The Pensions Regulator (TPR) has hinted that some trustees could be forced out of their roles if they do not meet minimum governance standards.

Fiona Frobisher, head of policy at TPR, said the regulator aimed to become “clearer, quicker, tougher”, particularly regarding governance standards.

However, one result of the new approach “might be that we lose some trustees”, she warned.

“We are going to put a lot of emphasis over the next few years on what we can do to improve standards of governance, because we know they are not as good as they should be,” Frobisher said. “This is not because we are trying to raise the bar to a higher standard. This is because there are lots of schemes that are not meeting the standard that’s required.”

She said there remained “significant pockets” of poor governance despite years of work on trustee training and support from TPR and other bodies. As a result, Frobisher said the regulator would be “tougher” on governance standards in the future.

“We do understand that one of the outcomes of that might be that we lose some trustees,” Frobisher said. “There might be some trustees who are not willing or able to reach those standards because they don’t have the resources, they don’t have the skills, or they don’t have the time.”

In such a situation, she said, the regulator would be interested in proposals for consolidation of schemes to improve overall governance. Frobisher was speaking at an event to launch the Pensions and Lifetime Savings Association’s report into its “superfunds” consolidation proposal.

Active pension membership numbers soar

Auto-enrolment helped push the number of people actively saving in an occupational pension scheme in the UK to an all-time high by the end of 2016, according to the Office for National Statistics (ONS).

There were 7.7m people in private sector schemes at the end of last year, the ONS reported, up by 40% from the end of 2015. Including public sector schemes, total active membership reached 13.5m.

Private sector defined contribution membership rose to 6.4m at the end of 2016, double the figure from two years previous. In contrast, membership of private sector defined benefit (DB) schemes fell to 1.3m, from 1.6m a year earlier. Of this, just half a million people were in DB schemes still open to new members or accrual.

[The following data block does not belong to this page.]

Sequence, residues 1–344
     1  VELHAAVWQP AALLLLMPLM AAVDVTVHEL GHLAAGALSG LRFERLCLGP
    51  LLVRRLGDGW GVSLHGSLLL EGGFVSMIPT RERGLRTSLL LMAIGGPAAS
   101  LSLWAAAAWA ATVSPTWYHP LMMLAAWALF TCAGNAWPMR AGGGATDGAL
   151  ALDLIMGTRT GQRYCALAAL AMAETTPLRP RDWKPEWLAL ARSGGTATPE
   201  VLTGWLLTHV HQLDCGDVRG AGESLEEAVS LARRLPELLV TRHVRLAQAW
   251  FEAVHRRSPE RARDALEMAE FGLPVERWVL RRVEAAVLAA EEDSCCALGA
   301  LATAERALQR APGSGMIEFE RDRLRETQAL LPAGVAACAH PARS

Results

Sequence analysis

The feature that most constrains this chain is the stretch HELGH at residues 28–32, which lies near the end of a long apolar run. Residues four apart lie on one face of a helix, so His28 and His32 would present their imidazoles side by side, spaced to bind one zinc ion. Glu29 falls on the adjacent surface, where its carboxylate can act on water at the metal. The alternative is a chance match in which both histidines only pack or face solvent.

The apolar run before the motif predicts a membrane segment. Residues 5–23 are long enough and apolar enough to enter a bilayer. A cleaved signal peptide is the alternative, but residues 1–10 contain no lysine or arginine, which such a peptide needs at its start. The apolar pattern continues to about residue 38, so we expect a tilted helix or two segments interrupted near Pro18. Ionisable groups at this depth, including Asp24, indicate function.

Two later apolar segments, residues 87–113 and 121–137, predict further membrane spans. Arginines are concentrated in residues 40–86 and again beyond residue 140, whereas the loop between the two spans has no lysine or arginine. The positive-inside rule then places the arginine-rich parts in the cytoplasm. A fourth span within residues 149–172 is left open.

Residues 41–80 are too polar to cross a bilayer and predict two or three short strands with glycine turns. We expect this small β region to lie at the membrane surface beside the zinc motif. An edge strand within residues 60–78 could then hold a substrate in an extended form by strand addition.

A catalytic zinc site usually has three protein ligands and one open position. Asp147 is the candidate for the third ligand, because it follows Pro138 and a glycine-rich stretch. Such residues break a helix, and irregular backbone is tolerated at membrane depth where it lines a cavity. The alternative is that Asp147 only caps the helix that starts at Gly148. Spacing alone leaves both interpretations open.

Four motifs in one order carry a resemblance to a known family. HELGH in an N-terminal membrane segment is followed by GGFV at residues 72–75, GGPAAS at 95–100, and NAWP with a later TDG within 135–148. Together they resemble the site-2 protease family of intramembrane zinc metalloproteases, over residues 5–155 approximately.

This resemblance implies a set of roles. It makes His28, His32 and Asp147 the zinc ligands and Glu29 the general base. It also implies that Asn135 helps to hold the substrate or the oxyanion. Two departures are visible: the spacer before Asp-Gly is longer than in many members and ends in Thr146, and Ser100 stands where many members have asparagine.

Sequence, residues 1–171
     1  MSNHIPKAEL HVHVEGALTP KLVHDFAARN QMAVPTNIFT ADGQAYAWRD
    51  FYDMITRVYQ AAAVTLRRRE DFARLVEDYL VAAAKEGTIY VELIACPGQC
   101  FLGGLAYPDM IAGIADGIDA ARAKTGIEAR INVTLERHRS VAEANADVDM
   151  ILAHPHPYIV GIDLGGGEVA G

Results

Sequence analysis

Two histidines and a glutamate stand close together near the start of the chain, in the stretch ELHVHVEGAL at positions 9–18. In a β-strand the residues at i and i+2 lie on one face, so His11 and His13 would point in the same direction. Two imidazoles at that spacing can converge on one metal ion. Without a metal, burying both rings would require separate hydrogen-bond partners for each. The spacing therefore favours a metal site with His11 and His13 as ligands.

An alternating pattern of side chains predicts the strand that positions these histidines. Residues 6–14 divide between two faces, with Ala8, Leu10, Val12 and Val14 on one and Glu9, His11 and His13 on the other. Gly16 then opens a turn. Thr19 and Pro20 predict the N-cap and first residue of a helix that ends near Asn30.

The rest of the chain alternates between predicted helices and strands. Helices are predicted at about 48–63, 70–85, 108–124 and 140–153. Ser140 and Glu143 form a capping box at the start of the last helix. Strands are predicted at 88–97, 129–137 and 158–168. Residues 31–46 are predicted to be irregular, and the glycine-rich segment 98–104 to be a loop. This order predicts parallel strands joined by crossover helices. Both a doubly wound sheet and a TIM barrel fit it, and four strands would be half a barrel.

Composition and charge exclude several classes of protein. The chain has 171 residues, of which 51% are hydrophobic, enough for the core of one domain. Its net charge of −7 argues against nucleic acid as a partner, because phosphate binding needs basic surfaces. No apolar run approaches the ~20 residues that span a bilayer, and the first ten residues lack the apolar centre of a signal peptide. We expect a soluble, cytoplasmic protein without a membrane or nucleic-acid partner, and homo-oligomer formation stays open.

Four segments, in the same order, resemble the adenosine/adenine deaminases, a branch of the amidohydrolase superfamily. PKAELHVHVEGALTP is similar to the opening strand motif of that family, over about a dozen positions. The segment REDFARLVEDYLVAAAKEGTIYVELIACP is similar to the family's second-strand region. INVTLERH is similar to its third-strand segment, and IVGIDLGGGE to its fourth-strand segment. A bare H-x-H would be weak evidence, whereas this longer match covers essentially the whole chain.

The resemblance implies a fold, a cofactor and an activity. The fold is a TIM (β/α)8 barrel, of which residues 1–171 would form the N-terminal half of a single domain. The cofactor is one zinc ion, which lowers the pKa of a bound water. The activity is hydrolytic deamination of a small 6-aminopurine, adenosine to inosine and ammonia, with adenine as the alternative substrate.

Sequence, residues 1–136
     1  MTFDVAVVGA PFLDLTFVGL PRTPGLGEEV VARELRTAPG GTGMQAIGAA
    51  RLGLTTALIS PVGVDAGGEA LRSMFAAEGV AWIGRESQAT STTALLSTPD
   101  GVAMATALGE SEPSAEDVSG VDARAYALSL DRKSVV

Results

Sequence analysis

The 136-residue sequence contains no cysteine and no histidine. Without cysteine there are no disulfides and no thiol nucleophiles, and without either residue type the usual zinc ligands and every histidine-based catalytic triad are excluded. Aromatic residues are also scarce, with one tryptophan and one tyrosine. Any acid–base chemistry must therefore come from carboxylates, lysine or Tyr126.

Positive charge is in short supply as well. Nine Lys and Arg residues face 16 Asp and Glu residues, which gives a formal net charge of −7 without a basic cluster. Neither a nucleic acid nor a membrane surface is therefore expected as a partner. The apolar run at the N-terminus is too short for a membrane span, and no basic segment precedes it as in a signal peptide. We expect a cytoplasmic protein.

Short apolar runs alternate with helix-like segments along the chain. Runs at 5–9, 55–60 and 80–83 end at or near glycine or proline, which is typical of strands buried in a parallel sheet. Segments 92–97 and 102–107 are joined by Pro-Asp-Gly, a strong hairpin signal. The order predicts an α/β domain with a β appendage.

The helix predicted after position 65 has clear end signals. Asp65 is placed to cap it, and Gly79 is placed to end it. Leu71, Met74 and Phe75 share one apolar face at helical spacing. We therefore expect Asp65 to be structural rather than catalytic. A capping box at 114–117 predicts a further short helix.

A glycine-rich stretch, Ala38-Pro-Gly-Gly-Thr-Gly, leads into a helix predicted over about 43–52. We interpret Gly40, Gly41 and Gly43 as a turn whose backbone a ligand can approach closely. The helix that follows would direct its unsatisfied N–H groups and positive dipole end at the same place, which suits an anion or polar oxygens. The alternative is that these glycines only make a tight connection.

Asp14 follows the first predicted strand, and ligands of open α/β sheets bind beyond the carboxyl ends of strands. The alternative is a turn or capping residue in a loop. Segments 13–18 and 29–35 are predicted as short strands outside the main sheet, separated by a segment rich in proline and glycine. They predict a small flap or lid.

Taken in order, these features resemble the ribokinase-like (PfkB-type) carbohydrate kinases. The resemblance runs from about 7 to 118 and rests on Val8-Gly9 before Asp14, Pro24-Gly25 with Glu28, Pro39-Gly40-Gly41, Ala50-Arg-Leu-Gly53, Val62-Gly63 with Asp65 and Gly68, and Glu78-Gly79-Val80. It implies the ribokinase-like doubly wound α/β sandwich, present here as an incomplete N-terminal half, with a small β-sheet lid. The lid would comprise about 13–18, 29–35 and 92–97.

Active membership of occupational pension schemes by sector

Active membership of UK private sector occupational pension scheme by benefit structure

Source: ONS

The figures coincided with the fifth anniversary of the launch of the UK’s auto-enrolment regime.

Chris Noon, partner at Hymans Robertson, said: “Auto-enrolment has clearly been a success in increasing the number of people saving for retirement. The challenge now is to ensure that we don’t see significant numbers opting out over the next couple of years as minimum contributions increase to 8% of pay in April 2019.

“Even if we can avoid high levels of opt-out, at 8% of pay, minimum contributions will not be sufficient to provide adequate incomes in retirement. Ideally, we need to see overall saving rates in excess of 15% of pay and begin to set expectations of working lifetimes.” 

PPF cuts annual scheme levy

The Pension Protection Fund (PPF) has cut by 10% the total levy it will charge UK DB schemes in the 2018-19 financial year. In aggregate schemes will be billed £550m (€623m).

David Taylor, general counsel at the PPF, said: “While the risks we face are significant, we’re in a strong financial position and we’re still on track to meet our long-term funding target. As a result, we’ve been able to set a levy estimate for 2018-19 that is 10 per cent lower than last year. In doing so we have, as always, sought to recognise levy payers’ desire to limit costs while maintaining an appropriate level of protection given the risks we face.”

The PPF also launched a consultation on “a small number of additional proposals” surrounding the levy calculations.

“Collectively these changes will improve the risk reflectiveness of the levy,” the PPF said in a statement. “If these rules were in place now around two in three schemes would have seen a lower 2017-18 levy, with around one in five schemes seeing an increase. SMEs would have seen an aggregate fall in levy of around a third.”

However, consultancy LCP warned that some of the UK’s biggest companies could see an increase in the amount they pay to the lifeboat scheme. Larger companies without a credit rating were expected to see higher bills as part of a number of changes to the PPF’s levy rules.

LCP said the changes would “result in various winners and losers across the spectrum of sponsoring employers” depending on their circumstances.